Other leases that had been approved in Alaska have also been canceled for further environmental study. Of course, the president didn’t even bother to mention the Arctic National Wildlife Refuge — sacred calving grounds of the porcupine caribou — which would yield as many barrels of oil as all the areas the president opened for drilling combined. And the slow motion approval process guarantees that I will be retired and getting to and from our little grocery store here in Streator, Illinois, riding a donkey before a drop of that East Coast oil makes it to market.

What is the point of this welcome but ultimately less-than-half measure to expand our domestic oil production? Note the word “drill” used in just about every headline in the media about this story. The president is sending a signal to the American people that he has heard their cries of “drill, baby drill” and has deigned to respond favorably. Citizens will think better of him for it, despite the fact that it will not increase domestic oil production until the president is long out of office and considered an elder statesmen. Perhaps he will have been elected president of the world by then, but if we’re still in Afghanistan I wouldn’t bet on it.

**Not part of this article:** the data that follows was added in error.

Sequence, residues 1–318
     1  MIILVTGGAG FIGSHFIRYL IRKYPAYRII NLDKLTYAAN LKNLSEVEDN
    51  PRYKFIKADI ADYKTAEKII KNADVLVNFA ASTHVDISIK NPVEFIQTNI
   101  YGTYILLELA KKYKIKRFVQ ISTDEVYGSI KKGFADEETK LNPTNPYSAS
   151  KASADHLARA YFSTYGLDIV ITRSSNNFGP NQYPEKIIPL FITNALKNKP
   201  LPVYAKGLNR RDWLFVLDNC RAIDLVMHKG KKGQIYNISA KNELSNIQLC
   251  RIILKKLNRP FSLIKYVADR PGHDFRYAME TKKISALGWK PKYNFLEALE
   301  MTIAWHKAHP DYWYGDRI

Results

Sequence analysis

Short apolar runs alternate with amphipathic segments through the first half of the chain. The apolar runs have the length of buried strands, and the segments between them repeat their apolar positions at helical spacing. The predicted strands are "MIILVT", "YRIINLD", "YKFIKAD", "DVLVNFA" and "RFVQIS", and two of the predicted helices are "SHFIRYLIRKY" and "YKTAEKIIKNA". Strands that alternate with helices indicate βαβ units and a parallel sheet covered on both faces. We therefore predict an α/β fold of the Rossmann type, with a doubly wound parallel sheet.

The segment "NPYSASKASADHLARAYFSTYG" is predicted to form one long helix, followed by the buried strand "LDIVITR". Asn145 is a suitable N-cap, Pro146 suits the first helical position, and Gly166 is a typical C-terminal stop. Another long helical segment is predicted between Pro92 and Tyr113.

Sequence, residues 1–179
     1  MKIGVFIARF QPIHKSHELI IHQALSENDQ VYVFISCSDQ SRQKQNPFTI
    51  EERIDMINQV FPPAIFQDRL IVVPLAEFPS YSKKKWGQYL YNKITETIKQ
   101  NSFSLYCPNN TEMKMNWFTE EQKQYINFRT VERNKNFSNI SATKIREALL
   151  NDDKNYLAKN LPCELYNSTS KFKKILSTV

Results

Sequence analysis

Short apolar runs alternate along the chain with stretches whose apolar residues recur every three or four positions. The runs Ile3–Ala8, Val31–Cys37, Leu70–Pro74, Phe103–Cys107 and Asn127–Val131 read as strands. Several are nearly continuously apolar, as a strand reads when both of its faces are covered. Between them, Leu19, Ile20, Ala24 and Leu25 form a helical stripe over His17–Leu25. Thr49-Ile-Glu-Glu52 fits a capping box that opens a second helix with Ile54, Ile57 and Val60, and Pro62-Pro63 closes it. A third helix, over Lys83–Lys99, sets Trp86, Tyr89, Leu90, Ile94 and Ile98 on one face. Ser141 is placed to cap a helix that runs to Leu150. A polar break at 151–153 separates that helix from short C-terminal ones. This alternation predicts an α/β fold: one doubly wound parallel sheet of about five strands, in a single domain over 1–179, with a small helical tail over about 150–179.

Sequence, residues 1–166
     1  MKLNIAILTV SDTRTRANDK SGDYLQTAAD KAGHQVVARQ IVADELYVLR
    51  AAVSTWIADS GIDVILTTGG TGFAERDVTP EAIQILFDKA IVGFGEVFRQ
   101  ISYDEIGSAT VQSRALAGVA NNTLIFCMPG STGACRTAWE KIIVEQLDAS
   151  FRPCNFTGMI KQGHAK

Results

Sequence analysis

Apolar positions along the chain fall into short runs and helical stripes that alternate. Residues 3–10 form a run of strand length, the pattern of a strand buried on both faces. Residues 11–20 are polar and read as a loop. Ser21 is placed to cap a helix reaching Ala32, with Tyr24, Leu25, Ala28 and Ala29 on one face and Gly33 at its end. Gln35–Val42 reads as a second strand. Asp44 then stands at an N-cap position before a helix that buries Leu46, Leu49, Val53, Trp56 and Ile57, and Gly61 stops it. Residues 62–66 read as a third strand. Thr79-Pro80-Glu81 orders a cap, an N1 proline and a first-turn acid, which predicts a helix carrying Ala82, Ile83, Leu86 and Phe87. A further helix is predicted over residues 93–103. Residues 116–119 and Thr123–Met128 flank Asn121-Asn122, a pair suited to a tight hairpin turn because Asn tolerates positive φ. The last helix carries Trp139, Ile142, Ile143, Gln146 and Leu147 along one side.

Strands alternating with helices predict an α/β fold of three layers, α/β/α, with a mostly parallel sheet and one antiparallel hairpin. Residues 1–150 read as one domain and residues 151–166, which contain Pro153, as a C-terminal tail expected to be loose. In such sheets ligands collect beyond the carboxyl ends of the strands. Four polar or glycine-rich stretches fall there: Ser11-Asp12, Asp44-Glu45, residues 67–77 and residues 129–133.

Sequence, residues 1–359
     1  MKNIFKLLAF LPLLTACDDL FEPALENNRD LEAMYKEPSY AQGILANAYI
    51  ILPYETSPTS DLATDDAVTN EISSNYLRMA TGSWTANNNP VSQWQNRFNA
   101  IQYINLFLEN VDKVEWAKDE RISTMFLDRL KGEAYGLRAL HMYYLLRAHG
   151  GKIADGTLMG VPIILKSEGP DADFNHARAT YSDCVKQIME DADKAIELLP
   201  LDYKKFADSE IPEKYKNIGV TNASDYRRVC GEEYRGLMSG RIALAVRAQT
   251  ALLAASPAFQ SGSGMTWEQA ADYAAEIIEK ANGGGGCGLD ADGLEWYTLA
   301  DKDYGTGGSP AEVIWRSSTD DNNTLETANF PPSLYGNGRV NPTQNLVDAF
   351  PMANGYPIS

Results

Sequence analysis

Then there are his political tricksies: a bait-and-switch effort to get Republicans on board his “climate change” express. Since there are GOP members in the Senate who actually want to be taken in by this transparent tomfoolery and vote for some kind of cap-and-trade bill, the likelihood that he can peel off enough Republicans to avoid a filibuster on his energy bill is now pretty good.

Of course, it takes a subtle intelligence to advocate expanding fossil fuel production while passing a law that will destroy the industries responsible for producing it. But Congress does this kind of thing all the time — national health insurance reform being a recent example — so the disconnect is only apparent if you choose not to think like a politician.